The Potter’s Kiln
Unbricking a kiln after a firing is like a person (1)uncovering buried treasure. As the potter takes bricks away (2)to create an opening into the oven, an expanding view of gleaming shapes rewards (3)the artist for months of hard work. The process of creating ceramics begins in a studio. My friend Ellen is typical of many more (4)potters in that some pieces she shapes on a spinning potter’s wheel and others she builds on a work table from coils or slabs of clay.
Over many weeks, as time goes by, (5)her collection slowly grows: clay bowls, cups, vases, and sculptures fill the studio. She dries them on racks, dips them in glazes, and dries them again. At last, Ellen will have enough pieces for a firing. She then carries the assortment outside to the wood-fired kiln, it is a brick structure (6)designed to bake pottery to a hardness and transform glazes to glorious colors that drying alone won’t achieve. (7)The chamber is just big enough for her to crouch in as she carefully arranges (8)the pieces inside. When the objects are in place, she backs out gingerly and seals the chamber shut with bricks. The next morning, using twigs, for kindling (9)she starts a small blaze in the firebox, located directly below the main chamber.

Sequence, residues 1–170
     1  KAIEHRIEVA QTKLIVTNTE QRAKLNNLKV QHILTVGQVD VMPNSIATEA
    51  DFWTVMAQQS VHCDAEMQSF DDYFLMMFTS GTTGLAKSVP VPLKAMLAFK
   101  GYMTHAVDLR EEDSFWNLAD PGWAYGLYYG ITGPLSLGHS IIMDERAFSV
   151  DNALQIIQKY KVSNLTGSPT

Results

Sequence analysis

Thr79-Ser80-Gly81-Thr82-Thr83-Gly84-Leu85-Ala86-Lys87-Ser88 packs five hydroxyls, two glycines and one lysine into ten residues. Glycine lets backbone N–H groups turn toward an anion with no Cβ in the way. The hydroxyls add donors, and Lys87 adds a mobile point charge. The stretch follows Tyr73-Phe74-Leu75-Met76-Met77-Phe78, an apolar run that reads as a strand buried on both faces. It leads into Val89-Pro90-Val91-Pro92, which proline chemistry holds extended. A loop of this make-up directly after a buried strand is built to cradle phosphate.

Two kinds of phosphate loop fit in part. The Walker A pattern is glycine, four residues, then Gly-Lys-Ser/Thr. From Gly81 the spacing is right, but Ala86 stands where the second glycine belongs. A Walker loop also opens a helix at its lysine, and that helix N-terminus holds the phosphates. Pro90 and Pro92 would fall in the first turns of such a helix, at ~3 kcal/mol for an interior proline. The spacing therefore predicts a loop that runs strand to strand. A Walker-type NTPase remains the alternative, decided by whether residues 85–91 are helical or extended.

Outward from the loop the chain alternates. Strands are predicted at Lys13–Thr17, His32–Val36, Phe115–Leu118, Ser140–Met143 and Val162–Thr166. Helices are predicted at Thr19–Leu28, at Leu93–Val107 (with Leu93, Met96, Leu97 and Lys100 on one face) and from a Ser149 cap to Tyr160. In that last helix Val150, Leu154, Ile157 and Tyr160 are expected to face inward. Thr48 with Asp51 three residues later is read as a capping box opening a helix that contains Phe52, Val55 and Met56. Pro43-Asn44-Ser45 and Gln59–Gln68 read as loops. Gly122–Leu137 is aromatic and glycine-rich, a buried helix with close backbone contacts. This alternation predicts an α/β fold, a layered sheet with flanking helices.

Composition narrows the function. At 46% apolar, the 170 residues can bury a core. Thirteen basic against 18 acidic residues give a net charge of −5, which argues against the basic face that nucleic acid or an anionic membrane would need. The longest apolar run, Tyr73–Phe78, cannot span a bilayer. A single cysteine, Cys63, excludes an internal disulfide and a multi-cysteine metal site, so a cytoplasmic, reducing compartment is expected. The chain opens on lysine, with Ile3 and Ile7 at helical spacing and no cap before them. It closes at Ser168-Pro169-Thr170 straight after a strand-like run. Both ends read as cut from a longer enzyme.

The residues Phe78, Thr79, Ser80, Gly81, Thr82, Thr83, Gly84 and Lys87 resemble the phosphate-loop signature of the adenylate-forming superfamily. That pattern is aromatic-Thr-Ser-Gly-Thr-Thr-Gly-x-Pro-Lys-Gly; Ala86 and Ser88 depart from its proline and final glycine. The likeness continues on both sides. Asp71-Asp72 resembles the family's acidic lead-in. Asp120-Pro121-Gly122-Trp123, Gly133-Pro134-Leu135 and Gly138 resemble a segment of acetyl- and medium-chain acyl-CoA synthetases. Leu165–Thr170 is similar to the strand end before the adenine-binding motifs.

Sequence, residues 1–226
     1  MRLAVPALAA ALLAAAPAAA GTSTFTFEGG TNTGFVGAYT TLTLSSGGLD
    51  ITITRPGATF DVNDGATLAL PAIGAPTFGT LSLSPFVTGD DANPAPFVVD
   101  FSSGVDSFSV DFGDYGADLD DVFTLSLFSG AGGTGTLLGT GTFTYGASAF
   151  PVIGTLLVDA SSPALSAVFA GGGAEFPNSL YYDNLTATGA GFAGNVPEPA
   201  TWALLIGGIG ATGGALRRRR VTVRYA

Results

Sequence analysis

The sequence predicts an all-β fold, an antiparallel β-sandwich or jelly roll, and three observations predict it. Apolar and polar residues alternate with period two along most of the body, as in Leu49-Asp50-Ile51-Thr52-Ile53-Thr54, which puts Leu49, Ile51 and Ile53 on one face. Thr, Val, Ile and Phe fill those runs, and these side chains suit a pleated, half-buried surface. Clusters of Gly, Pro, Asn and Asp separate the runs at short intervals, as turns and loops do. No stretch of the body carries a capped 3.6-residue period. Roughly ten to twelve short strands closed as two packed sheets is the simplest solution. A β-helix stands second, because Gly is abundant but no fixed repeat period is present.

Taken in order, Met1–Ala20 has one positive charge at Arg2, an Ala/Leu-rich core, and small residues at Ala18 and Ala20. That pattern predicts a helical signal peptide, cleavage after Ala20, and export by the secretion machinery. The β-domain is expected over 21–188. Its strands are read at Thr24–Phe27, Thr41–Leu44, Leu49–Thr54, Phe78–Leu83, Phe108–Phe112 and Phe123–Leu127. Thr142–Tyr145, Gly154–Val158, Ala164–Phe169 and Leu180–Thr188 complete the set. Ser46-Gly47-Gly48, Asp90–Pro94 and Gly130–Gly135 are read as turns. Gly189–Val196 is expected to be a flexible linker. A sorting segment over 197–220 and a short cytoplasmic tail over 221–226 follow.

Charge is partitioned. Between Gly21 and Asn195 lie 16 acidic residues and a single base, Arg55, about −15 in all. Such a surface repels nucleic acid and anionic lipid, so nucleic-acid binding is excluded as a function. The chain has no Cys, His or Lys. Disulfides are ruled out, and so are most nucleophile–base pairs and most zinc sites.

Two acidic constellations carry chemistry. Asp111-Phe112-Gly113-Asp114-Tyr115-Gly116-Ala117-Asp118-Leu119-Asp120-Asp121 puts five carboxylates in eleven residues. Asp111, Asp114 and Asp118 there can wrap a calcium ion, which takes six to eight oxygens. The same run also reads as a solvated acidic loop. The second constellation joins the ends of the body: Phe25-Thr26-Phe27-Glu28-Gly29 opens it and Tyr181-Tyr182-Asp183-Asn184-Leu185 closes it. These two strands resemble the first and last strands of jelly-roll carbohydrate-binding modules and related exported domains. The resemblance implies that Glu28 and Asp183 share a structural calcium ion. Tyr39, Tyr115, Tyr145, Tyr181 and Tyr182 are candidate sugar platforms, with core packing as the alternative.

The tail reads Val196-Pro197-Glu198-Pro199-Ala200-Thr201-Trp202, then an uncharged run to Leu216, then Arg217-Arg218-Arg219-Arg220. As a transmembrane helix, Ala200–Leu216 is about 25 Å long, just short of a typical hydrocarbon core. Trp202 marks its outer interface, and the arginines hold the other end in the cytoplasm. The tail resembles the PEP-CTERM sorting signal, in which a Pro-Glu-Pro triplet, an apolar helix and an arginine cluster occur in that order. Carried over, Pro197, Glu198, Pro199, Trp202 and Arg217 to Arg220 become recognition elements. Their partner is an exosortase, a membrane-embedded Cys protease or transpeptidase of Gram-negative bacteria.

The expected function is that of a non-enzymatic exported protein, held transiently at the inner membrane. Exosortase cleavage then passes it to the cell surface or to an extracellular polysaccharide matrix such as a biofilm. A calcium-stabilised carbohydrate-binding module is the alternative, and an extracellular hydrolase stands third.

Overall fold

The fire grows steadily throughout the day as she feeds it lumber scraps and then logs. By nightfall a controlled inferno roars (10)in the kiln. Occasionally, (11)the fire chugs like a train engine, hungry for more oxygen. Each time the fire is stoked, sparks shoot from the chimney into (12)the night sky. Periodically, Ellen looks through a porthole in the wall of the kiln to determine the fire’s intensity. The clay pieces gleam white-hot amid the flames. At last, when the temperature soars out of sight, (13)she knows the firing is nearing its end. Having died (14)down, she bricks up the firebox as well, sealing the remaining heat inside. In a few days, when the kiln has cooled, Ellen opens the chamber, revealing the results of her labor and of the fire’s (15)magic. Each piece shines as it meets the light of day.
Which of the following alternatives to the underlined portion would NOT be acceptable?
A. On occasion,
B. Once in a while,
C. Now and then,
D. Time or again,